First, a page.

Food Digestion

, Volume 3, Issue 1–3, pp 36–45 | Cite as

Encapsulation of Tea Polyphenols in Nanoliposomes Prepared with Milk Phospholipids and Their Effect on the Viability of HT-29 Human Carcinoma Cells



Liposomes are phospholipid bilayer vesicles often employed to encapsulate bioactive molecules. In spite of their widespread use in cosmetics and pharmaceutics, their application in food systems is still limited. The objective of this study was to determine the ability of liposomal dispersions prepared from milk phospholipids using high-pressure homogenization to encapsulate and deliver a tea polyphenol extract. It was hypothesized that the encapsulation may improve the delivery of the biomolecules to an intestinal cell model. In addition to their physical characterization, the influence of encapsulated tea polyphenols on the viability of adenocarcinoma cell line HT-29 was compared to that of free polyphenols. Encapsulated polyphenols caused a lower extent of growth inhibition compared to free polyphenols, suggesting that liposomes act as loaded reservoirs that slowly release the bioactive compound in the medium. Liposomes were also prepared using soy phospholipids, and their delivery was compared to that of milk phospholipid liposomes. Although both vesicles showed high bioefficacy and delivery of polyphenols, there were differences in their behavior. It was concluded that milk phospholipids could represent an alternative source to soy phospholipids for preparation of liposomes and that the differences in composition and charge may allow us to further fine tune the cellular uptake of the bioactive.


Milk fat globule membrane (MFGM) liposomes Soy liposomes HT-29 Tea polyphenols High-pressure homogenization Viability 



The authors would like to acknowledge the financial support of the Ontario Ministry of Agriculture, Food and Rural Affairs (OMAFRA) under the “Food and Health” program.


  1. 1.
    Fang Z, Bhandari B (2010) Encapsulation of polyphenols—a review. Trends Food Sci Tech 21:510–523CrossRefGoogle Scholar
  2. 2.
    Siddiqui IA, Adhami VM, Bharali DJ, Hafeez BB, Asim M, Khwaya SI, Ahmad N, Cui H, Mousa SA, Mukhtar H (2009) Introducing nanochemoprevention as a novel approach for cancer control: proof of principle with green tea polyphenol epigallocatechin-3-gallate. Cancer Res 69:1712–16CrossRefGoogle Scholar
  3. 3.
    Sahu A, Kasoju N, Bora U (2008) Fluorescence study of the curcumin–casein micelle complexation and its application as a drug nanocarrier to cancer cells. Biomacromolecules 9:2905–12CrossRefGoogle Scholar
  4. 4.
    Kouchakzadeh H, Shojaosadati S, Maghsoudi A, Farahani EV (2010) Optimization of pegylation conditions for BSA nanoparticles using response surface methodology. AAPS PharmSciTech 11:1206–11CrossRefGoogle Scholar
  5. 5.
    Yang CS, Wang Z (1993) Tea and cancer. J Natl Cancer Inst 85:1038–49CrossRefGoogle Scholar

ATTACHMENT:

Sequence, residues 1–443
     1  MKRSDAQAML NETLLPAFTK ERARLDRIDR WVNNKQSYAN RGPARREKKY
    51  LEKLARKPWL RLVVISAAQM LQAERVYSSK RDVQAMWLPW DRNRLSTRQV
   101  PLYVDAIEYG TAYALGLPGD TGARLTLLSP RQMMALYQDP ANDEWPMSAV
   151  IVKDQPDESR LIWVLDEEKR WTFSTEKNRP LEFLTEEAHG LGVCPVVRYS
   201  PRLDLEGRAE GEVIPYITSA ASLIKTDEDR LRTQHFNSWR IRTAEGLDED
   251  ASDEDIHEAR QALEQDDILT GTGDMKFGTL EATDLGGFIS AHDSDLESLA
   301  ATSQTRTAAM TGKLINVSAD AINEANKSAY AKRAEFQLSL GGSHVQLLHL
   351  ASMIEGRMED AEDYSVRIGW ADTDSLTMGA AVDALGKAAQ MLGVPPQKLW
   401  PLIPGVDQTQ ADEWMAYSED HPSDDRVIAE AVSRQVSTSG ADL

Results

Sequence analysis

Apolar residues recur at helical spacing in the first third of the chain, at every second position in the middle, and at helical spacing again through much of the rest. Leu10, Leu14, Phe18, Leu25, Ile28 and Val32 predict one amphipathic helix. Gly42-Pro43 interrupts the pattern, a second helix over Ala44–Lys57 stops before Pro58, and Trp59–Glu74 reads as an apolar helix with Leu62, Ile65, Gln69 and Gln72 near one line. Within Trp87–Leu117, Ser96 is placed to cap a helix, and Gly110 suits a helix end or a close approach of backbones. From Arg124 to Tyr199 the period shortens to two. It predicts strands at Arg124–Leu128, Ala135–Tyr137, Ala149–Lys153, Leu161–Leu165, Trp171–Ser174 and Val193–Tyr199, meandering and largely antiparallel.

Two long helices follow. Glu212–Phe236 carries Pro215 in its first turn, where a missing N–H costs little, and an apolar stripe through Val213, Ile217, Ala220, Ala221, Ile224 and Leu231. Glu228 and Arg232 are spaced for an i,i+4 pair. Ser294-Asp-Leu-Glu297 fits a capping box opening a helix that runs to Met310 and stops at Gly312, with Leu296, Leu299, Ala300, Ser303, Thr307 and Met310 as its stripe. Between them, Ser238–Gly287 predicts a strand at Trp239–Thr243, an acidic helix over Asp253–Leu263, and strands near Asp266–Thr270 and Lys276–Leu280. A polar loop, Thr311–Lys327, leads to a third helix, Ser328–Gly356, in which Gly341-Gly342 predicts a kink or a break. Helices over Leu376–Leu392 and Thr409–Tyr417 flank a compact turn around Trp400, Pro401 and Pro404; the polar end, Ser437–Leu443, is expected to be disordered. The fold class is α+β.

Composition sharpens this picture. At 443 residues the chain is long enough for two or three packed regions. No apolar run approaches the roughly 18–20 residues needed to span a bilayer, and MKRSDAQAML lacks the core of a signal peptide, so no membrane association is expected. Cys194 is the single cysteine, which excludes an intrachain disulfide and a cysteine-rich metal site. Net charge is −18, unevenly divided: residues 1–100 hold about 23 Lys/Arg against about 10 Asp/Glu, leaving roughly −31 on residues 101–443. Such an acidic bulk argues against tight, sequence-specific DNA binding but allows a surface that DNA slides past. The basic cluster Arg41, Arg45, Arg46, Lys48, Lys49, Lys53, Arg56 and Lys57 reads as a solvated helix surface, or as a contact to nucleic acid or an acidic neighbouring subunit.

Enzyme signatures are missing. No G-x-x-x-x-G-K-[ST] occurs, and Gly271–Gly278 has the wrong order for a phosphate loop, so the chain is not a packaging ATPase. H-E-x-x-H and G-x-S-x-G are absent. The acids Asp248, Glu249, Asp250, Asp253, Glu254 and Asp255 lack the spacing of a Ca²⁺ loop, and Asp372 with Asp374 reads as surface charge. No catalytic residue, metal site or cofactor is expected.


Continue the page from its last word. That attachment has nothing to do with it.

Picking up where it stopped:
6. 6.
    Dryden WG, Ming S, Craig MC (2006) Polyphenols and gastrointestinal diseases. Curr Opin Gastroen 22:165–170CrossRefGoogle Scholar
  7. 7.
    Hong WK, Sporn MB (1997) Recent advances in chemoprevention of cancer. Science 278:1073–77CrossRefGoogle Scholar
  8. 8.
    Saura-Calixto F, Serrano J, Goni I (2007) Intake and bioaccessibility of total polyphenols in a whole diet. Food Chem 101:492–501CrossRefGoogle Scholar
  9. 9.
    Papadopoulou A, Richard AF (2004) Characterization of the protein–polyphenol interactions. Trends Food Sci Technol 15:186–190CrossRefGoogle Scholar
  10. 10.
    Yang SC, Sang S, Lambert DJ, Lee MJ (2008) Bioavailability issues in studying the health effects of plant polyphenolic compounds. Mol Nutr Food Res 52:139–151Google Scholar
  11. 11.
    Catterall F, King LJ, Clifford MN, Ioannides C (2003) Bioavailability of dietary doses of 3H-labelled tea antioxidants (+)-catechin and (-)-epicatechin in rat. Xenobiotica 33:743–753CrossRefGoogle Scholar
  12. 12.
    Fang J, Hung C, Hwang T, Huang Y (2005) Physicochemical characteristics and in vivo deposition of liposome-encapsulated tea catechins by topical and intratumor administrations. J Drug Target 13:19–27CrossRefGoogle Scholar
  13. 13.
    Fang J, Lee W, Shen S, Huang Y (2006) Effect of liposome encapsulation on their accumulation in basal cell carcinomas. J Dermatol Sci 42:101–109CrossRefGoogle Scholar
  14. 14.
    Narayanan NK, Nargi D, Randolph C, Narayanan BA (2009) Liposome encapsulation of curcumin and resveratrol in combination reduces prostate cancer incidence in PTEN knockout mice. Int J Cancer 125:1–8CrossRefGoogle Scholar
  15. 15.
    Thompson AK, Couchoud A, Singh H (2009) Comparison of hydrophobic and hydrophilic encapsulation using liposomes prepared from milk fat globule-derived phospholipids and soya phospholipids. Dairy Sci Technol 89:99–113CrossRefGoogle Scholar
  16. 16.
    Thompson AK, Haisman D, Singh H (2006) Physical stability of liposomes prepared from milk fat globule membrane and soya phospholipids. J Agric Food Chem 54:6390–97CrossRefGoogle Scholar
  17. 17.
    Spitsberg VL (2005) Invited review: bovine milk fat globule membrane as a potential nutraceutical. J Dairy Sci 88:2289–94CrossRefGoogle Scholar
  18. 18.
    Berrocal MC, Buján J, García-Honduvilla N, Abeger A (2000) Comparison of the effects of dimyristoyl and soya phosphatidylcholine liposomes on human fibroblasts. Drug Delivery 7:37–44CrossRefGoogle Scholar